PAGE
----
Seeing/Seeking Error Everywhere

The ego, which is really nothing more than a pattern, a dramedy of illusions, is an error-finding mechanism. That’s it. That’s the whole ballgame. Seeing right isn’t given to the dummy, so seeing wrong, or not at all, is all that’s available.

Seeing error everywhere is the survival strategy, the one-direction, of the oblivious false self. The sound of silence cannot be heard in a head full of complaint.

This seemingly entrenched tendency could be utilized in the way of lucid dreaming. A recommended trick to become lucid in a dream is notice the errors. A light switch doesn’t work, a hallway that leads to nowhere—something isn’t quite right. What doesn’t look right is the prompt to wake up, and become lucid.

I had a dream the other night that students were dressed in rabbit suits and lobbing snowballs at each other across a walkway on campus. I knew something was funny, and creepy, about the situation, but sadly, did not wake up. I did think, “…this looks like a trap,” and wisely took another route, and so escaped without harm.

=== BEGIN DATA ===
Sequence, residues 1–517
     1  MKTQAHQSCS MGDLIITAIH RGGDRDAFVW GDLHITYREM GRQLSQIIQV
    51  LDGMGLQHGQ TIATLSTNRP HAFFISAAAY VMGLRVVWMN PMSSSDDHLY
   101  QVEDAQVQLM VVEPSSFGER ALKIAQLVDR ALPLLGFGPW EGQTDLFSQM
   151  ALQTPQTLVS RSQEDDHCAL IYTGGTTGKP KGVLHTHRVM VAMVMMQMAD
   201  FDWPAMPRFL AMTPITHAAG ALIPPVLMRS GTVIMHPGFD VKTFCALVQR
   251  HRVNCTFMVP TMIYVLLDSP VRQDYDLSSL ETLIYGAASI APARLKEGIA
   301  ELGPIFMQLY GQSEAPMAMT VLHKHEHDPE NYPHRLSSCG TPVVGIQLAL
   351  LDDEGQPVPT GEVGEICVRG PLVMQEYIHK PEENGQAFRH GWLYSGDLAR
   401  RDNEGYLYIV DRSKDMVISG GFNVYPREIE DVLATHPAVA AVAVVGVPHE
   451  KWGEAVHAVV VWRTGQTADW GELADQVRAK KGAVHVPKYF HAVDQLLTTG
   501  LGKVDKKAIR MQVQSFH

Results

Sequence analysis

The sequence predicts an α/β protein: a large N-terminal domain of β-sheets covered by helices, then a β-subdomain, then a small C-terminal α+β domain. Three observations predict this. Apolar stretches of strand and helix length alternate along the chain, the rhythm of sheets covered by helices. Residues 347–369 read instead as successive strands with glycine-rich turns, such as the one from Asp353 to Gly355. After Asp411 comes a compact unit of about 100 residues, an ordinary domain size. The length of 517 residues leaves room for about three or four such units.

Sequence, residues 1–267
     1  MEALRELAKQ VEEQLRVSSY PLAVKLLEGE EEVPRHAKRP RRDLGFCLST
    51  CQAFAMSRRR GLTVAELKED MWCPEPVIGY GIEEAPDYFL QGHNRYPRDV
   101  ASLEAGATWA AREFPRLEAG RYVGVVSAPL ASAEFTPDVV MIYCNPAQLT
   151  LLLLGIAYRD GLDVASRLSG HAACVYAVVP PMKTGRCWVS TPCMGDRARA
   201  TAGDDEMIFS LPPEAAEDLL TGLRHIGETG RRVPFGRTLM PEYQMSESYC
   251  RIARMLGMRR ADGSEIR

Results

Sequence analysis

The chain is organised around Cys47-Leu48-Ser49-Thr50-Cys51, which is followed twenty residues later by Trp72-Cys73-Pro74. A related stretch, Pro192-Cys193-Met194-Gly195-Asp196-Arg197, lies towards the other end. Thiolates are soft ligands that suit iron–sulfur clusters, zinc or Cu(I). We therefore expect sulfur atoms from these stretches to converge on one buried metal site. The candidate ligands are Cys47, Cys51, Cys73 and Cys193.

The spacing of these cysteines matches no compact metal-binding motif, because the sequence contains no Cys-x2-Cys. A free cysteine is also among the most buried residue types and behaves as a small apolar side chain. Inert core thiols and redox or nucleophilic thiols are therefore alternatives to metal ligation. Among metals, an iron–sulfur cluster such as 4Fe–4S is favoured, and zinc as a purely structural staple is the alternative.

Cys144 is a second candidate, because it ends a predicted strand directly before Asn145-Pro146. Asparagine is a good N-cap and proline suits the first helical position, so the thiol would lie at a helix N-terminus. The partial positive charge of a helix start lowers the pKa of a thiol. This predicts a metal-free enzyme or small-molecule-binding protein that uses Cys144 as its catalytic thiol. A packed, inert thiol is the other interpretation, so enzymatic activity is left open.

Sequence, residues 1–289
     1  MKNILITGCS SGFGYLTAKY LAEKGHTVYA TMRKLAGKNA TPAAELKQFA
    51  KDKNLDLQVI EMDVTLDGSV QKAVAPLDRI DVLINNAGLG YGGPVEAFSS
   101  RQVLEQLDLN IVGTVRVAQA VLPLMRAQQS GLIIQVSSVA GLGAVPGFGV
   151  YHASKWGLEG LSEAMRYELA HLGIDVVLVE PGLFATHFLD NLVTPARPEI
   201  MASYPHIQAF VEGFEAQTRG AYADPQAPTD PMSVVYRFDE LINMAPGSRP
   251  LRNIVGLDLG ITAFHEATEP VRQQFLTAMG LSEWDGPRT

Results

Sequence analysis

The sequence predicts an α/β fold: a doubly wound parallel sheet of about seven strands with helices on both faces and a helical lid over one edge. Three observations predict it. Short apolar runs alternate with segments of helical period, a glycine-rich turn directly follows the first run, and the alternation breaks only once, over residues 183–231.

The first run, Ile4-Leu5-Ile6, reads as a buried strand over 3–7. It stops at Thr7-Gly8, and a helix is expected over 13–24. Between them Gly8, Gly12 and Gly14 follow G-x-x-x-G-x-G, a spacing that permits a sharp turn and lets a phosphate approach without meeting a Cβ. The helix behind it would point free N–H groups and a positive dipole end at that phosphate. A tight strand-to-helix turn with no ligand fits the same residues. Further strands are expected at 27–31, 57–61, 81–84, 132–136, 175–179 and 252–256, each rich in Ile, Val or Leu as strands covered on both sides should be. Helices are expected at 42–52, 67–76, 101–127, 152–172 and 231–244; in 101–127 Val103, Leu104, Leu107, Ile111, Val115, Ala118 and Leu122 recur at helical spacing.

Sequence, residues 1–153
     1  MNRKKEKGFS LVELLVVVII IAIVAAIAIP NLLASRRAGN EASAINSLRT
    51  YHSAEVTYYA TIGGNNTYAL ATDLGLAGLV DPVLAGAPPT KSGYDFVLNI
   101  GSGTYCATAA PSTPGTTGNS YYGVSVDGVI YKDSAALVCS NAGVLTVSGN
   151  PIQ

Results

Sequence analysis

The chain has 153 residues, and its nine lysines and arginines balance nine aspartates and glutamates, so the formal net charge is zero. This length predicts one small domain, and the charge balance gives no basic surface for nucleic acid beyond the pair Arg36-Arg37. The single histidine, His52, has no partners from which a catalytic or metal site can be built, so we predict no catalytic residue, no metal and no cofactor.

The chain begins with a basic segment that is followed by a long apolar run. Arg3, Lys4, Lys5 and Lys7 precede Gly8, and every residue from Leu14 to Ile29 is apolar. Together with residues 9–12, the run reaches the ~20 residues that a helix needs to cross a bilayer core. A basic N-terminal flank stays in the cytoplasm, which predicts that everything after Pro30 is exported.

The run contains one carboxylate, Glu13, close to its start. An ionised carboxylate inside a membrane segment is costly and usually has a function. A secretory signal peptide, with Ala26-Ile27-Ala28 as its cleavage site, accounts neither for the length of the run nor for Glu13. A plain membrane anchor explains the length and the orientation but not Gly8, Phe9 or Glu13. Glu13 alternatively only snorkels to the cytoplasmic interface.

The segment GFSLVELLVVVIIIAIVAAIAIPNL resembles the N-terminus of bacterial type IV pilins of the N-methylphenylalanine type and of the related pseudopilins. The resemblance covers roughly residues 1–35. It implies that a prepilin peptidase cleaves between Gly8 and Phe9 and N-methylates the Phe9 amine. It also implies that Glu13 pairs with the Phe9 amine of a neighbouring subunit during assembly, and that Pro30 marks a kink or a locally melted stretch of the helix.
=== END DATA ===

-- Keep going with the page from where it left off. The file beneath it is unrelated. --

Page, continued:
So yes, there is something wrong. It’s only natural a contrived character would suspect as much. But it isn’t the rabbit-suited students, or the snowballs in July. It isn’t “others” or the scary circumstances. I wasn’t on any campus.

What could it be?

Time to wake up!


Since asking for a little help, it seems only appropriate to write about the concept of scarcity, the imagined abode of the imagined self, in an imagined world of things and others.

First, thank you to those who chipped in. One cannot donate from a sense of scarcity, but from the wisdom that is abundance, from that open place of giving.

From a sense of nothing here, something was given and received here. Gratis, as it were, leading to and arising with gratitude. Which is to give thanks. According to the online etymology dictionary, thank “is related phonetically to think as song is to sing.”

So it is like the street musician who sings and plays his guitar, with his hat out, or guitar case open. Does he/she sing from a place of scarcity? Or does the voice, the music, come from the same source, the communion, from which the coin or bill is dropped into the hat?

What is being expressed but gratitude all around?

And so I sing for my supper. As my grandfather used to conclude grace before the meal, “…and give us grateful hearts. Amen.”

Scarcity? I think not. But I thank, too, the friend who gave me two bananas and 3 lemons. From that sweetness, I will make lemonade.